New Guideline for the Treatment of Convulsive Status Epilepticus

patient boy
patient boy
AES releases a new, evidence-based treatment guideline for convulsive status epilepticus, the most common form of the condition associated with substantial mortality.

The guideline committee of the American Epilepsy Society has released a new treatment guideline for convulsive status epilepticus — the most common type of status epilepticus that is associated with substantial mortality.

The American Epilepsy Society estimates that between 50 000 and 150 000 Americans have status epilepticus each year, with mortality rates just under 3% for children and up to 30% for adults. Current treatment of status epilepticus varies, with some approaches focused more on seizure reduction rather than termination. These less aggressive methods may prolong status epilepticus beyond the 30-minute mark when neurologic injury can occur.

The new guideline, published in the January/February issue of Epilepsy Currents, is based on an assessment of 38 randomized controlled trials. It provides practitioners with evidence-based answers that address questions regarding efficacy, safety, and tolerability. The answers to those questions have been incorporated into a treatment algorithm that is broken out into 4 phases, meant to guide treatment through the 60-minute mark.

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Stabilization Phase (0-5 minutes seizure activity)

  • Includes standard stabilization of patient, seizure timing, initiation of ECG monitoring, blood glucose test, and IV access.

Initial Therapy Phase (5-20 minutes)

  • Benzodiazepines are the initial therapy of choice: Choose one of the following
    1. Intramuscular midazolam (10 mg for > 40 kg, 5 mg for 13-40 kg, single dose, Level A) OR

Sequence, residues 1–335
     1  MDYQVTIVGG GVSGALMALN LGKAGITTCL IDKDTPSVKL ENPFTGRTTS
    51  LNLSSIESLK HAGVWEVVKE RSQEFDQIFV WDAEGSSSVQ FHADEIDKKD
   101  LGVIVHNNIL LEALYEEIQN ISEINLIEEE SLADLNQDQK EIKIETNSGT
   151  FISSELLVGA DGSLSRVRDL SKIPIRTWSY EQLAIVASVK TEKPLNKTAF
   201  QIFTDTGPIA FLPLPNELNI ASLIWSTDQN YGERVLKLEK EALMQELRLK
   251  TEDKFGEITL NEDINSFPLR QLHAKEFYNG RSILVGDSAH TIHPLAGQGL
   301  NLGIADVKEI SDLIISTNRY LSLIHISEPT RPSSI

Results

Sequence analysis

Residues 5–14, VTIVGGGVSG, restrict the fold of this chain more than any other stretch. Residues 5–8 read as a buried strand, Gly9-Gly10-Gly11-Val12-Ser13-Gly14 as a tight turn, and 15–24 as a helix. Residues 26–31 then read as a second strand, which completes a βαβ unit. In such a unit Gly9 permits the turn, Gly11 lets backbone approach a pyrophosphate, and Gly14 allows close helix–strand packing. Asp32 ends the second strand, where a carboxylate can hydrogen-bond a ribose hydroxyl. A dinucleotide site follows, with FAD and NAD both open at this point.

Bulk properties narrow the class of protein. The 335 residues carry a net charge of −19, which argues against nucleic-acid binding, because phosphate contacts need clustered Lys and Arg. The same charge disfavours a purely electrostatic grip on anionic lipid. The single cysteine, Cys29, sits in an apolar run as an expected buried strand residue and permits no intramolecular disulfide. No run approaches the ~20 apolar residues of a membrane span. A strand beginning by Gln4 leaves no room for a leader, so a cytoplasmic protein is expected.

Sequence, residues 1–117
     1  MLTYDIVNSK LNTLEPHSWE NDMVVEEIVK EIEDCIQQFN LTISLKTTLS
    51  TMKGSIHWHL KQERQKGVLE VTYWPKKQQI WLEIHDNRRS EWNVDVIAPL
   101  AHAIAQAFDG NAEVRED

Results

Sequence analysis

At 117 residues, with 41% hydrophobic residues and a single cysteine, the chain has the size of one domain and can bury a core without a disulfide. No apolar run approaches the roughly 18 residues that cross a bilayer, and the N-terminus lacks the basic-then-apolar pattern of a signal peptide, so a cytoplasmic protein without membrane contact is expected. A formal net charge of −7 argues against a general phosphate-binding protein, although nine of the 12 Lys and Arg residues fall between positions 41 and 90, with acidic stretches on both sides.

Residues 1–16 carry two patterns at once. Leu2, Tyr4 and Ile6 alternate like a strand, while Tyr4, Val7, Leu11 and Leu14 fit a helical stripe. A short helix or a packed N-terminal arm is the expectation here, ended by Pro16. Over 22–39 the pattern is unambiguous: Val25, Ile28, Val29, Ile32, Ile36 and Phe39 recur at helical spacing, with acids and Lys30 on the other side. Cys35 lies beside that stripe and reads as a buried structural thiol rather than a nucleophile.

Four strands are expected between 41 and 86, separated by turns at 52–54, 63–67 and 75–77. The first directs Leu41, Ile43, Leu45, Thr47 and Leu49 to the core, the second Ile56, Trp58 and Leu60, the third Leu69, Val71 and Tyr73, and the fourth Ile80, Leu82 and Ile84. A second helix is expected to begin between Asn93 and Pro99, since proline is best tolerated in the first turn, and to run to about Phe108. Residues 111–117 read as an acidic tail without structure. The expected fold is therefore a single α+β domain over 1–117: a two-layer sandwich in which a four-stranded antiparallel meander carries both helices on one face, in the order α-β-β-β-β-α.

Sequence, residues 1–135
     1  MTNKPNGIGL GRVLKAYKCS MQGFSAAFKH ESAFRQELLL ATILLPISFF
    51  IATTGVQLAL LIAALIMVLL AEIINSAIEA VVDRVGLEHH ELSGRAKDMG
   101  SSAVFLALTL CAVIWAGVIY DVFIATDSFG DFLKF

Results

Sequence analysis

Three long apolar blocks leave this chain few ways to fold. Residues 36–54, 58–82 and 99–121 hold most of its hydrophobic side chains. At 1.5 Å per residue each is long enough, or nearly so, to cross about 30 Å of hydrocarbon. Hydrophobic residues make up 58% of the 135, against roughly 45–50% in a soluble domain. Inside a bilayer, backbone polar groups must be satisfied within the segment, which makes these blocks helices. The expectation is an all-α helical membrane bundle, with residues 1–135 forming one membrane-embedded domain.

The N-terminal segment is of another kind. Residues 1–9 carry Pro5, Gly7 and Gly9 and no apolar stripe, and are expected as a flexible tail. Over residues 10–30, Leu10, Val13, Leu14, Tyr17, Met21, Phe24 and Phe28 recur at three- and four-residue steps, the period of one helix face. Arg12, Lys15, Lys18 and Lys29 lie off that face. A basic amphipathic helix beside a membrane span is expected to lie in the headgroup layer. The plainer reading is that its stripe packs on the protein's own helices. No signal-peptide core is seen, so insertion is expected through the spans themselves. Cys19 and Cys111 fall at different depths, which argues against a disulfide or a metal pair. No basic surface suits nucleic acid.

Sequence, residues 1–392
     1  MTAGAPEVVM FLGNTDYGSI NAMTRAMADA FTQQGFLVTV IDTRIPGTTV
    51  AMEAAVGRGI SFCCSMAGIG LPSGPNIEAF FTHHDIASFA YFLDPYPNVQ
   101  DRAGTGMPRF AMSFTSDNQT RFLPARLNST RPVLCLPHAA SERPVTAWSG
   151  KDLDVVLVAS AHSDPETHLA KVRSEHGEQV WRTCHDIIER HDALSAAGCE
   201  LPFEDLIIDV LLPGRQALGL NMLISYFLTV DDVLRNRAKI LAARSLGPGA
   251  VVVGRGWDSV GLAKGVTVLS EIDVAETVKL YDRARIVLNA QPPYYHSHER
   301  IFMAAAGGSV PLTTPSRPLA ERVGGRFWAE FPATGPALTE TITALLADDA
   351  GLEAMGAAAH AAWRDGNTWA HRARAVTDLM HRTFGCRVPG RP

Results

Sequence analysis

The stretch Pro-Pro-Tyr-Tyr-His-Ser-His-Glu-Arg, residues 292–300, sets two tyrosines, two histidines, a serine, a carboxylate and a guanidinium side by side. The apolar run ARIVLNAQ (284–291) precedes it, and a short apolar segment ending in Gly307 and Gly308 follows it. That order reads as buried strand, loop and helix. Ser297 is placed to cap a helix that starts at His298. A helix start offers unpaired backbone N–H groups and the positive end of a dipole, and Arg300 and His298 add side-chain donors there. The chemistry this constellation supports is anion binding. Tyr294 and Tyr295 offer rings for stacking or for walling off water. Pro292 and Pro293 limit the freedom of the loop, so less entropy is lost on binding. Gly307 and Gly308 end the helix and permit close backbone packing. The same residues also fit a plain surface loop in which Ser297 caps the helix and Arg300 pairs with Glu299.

2. Intravenous lorazepam (0.1 mg/kg/dose, max: 4 mg/dose, may repeat dose once, Level A) OR
    3. Intravenous diazepam (0.15-0.2 mg/kg/dose, max: 10 mg/dose, may repeat dose once, Level A)
  • If none of the 3 options are available, choose one of the following: 
    1. Intravenous phenobarbital (15 mg/kg/dose, single dose, Level A) OR 
    2. Rectal diazepam (0.2-0.5 mg/kg, max: 20 mg/dose, single dose, Level B) OR
    3. Intranasal midazolam (Level B), buccal midazolam (Level B)

Second Therapy Phase (20-40 minutes)

  • At this point, a response to the therapy administered in the previous phase should be evident. If there is a lack of response, the following can be administered as a single dose (note that there is no evidence-based preferred therapy of choice):
    1. Intravenous fosphenytoin (20 mg PE/kg, max: 1500 mg PE/dose, single dose, Level U) OR
    2. Intravenous valproic acid (40 mg/kg, max: 3000 mg/dose, single dose, Level B) OR
    3. Intravenous levetiracetam (60 mg/kg, max: 4500 mg/dose, single dose, Level U)
  • If none of the options are available, choose the following (if not given already)
    1. Intravenous phenobarbital (15 mg/kg, single dose, Level B)

Third Therapy Phase (40-60 minutes)

  • At this point, there is no clear evidence to guide therapy.
  • If the patient is still seizing, clinicians may repeat the second line therapy or administer anesthetic doses of thiopental, midazolam, pentobarbital, or propofol, all while under continuous EEG monitoring.

Based on the cause and severity of the seizure, clinicians may move through the therapy phases faster, or skip to more advanced phases if deemed appropriate. If at any point the patient responds to therapy and is at baseline, symptomatic medical care should be initiated.